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As ecotourism has grown in popularity, many travel providers and hotels have jumped onto the “green travel” bandwagon while doing little to actually support its sustainable practices and conservation efforts.

“Greenwashing” — claiming to be eco-friendly without making a significant effort to minimize environmental impact — occurs in all industries, and travel is no exception. A hotel chain, for example, might promote itself as green because it allows guests the option of reusing towels or sleeping on the same set of sheets for more than one night. But, according to the University of Oregon’s Greenwashing Index (GWI), this policy “actually does very little to save water and energy where it counts — on its grounds, with its appliances and lighting, in its kitchens, and with its vehicle fleet.”

There is no internationally recognized group that certifies the environmental practices of the travel industry, so it’s mostly up to individual vacationers to make their getaways as green as possible. These suggestions can help you be a savvy eco-minded traveler:

  • Research companies that market themselves as being green, advises the GWI. Can you easily find more information about the company’s sustainable business practices on its website? Does it have a comprehensive environmental story? Is there credible information to substantiate its green claims? If not, let the buyer beware.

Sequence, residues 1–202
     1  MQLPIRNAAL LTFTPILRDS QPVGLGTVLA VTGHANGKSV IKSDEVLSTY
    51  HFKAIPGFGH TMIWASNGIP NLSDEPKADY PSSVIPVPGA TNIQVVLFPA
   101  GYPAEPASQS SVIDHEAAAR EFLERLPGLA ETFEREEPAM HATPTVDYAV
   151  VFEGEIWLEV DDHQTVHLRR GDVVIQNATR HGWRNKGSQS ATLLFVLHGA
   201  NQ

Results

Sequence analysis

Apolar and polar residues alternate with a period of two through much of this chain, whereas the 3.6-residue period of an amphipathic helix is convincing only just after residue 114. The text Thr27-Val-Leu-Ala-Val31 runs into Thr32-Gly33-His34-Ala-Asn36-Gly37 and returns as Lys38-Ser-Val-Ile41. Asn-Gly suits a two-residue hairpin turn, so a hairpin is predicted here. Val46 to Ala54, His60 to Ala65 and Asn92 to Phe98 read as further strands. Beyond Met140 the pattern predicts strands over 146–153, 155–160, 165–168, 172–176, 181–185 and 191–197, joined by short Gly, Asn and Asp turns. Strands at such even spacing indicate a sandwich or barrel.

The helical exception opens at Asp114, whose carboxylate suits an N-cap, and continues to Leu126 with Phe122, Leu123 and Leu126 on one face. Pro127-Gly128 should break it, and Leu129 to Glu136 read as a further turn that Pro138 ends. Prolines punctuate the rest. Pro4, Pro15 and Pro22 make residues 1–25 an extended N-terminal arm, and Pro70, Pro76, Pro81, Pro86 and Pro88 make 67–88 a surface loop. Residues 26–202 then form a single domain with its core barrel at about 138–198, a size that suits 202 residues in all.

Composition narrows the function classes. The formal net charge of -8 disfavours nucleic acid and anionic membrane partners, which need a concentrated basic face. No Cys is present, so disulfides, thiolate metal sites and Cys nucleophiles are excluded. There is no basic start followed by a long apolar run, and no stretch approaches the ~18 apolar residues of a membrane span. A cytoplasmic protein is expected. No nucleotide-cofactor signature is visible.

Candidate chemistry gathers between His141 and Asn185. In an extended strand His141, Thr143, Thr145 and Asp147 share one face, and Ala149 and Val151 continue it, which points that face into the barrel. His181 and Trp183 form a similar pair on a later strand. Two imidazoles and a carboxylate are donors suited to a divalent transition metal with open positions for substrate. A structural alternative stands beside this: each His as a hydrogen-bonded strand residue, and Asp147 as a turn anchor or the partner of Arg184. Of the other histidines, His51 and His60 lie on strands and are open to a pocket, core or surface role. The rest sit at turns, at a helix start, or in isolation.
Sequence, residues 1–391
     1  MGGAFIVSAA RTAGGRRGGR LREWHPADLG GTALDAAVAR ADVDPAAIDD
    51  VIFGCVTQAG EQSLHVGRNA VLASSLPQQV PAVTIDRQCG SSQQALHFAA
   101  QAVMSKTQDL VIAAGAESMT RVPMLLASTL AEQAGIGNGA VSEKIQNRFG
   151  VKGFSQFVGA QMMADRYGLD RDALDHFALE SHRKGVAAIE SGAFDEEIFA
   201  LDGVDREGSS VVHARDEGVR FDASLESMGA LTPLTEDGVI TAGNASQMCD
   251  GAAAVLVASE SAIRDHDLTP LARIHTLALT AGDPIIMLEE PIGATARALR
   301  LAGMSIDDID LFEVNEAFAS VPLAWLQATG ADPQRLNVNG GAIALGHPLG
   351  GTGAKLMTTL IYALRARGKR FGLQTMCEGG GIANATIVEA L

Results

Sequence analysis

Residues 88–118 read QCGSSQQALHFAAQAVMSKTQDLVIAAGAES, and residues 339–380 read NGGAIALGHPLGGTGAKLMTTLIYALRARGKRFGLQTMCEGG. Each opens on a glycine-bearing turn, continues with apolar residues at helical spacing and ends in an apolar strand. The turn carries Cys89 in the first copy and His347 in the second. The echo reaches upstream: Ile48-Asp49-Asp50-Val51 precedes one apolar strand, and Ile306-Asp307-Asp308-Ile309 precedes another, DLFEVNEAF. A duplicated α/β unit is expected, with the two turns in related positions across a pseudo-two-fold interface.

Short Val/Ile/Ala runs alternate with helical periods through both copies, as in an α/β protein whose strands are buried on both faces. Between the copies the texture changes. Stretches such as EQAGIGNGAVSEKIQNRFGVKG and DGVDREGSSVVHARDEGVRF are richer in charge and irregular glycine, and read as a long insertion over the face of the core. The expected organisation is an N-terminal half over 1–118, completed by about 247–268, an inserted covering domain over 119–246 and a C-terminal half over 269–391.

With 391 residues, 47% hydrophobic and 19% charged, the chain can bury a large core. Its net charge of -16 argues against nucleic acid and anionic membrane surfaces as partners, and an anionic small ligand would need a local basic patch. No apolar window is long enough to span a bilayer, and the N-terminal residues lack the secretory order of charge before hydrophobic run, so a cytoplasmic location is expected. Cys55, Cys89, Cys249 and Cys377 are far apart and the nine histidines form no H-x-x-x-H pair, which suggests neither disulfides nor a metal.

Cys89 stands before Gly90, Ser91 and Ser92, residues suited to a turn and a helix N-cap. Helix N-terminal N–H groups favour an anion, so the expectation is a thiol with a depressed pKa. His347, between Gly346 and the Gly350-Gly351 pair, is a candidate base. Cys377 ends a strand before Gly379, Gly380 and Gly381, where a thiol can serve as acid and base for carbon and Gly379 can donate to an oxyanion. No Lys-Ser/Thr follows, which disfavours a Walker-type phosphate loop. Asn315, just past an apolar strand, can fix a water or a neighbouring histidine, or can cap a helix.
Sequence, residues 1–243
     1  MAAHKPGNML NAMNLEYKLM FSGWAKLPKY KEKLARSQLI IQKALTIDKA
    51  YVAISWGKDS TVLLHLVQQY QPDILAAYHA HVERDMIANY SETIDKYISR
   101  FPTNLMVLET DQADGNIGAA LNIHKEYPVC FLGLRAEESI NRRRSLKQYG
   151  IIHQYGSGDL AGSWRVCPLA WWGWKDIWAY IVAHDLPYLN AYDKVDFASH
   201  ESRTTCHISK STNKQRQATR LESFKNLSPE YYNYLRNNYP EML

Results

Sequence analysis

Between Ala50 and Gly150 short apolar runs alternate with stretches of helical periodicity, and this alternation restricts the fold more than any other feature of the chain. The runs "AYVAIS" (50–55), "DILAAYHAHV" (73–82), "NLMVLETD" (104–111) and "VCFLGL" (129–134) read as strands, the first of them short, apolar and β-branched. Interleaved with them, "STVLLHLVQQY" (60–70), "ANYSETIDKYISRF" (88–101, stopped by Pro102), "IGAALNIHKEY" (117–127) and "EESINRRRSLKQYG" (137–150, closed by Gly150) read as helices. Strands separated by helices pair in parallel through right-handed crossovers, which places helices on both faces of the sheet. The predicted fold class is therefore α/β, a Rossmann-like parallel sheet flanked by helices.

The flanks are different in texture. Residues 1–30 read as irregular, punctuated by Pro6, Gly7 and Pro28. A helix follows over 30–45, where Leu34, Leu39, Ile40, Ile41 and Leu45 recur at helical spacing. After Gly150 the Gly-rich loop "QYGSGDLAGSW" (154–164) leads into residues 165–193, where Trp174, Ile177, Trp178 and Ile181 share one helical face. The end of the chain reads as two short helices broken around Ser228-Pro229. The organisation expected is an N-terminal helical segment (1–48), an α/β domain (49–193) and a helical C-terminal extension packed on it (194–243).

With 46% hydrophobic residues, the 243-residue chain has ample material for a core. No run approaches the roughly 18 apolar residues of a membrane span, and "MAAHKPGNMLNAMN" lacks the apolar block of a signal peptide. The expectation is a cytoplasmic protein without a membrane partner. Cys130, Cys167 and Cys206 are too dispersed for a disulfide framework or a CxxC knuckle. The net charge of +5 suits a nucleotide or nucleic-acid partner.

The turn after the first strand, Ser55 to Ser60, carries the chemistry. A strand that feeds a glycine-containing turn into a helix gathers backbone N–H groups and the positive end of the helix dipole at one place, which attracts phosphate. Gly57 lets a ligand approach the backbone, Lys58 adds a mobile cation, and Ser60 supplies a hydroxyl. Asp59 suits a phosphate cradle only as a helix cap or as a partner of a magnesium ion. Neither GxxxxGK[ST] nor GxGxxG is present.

• Look for a seal or certification mark from a recognized, independent third-party organization that specializes in verifying green advertising — such as the U.S. Green Building Council or Rainforest Alliance — and check with the certifier to verify the company’s marketing claims.
  • Ask tour operators and hotels directly about their waste-management operations and conservation policies, as well as the percentage of employees who are local residents and whether they support any projects that benefit the local community or environment.
  • Avoid trips that involve interacting with wild or captive animals, such as riding an elephant or petting a lion cub.
  • Support local tradespeople and artisans, but don’t buy products made from endangered plant or animal species or remove natural features, such as wildflowers, rocks, or shells, from the landscape.
  • Consider purchasing carbon offsets to minimize the environmental impact of vacation flights.

Find more tips at www.responsiblevacation.com.

For more on sustainable travel, check out “Travel Lightly: The Beauty of Eco-Tourism.”

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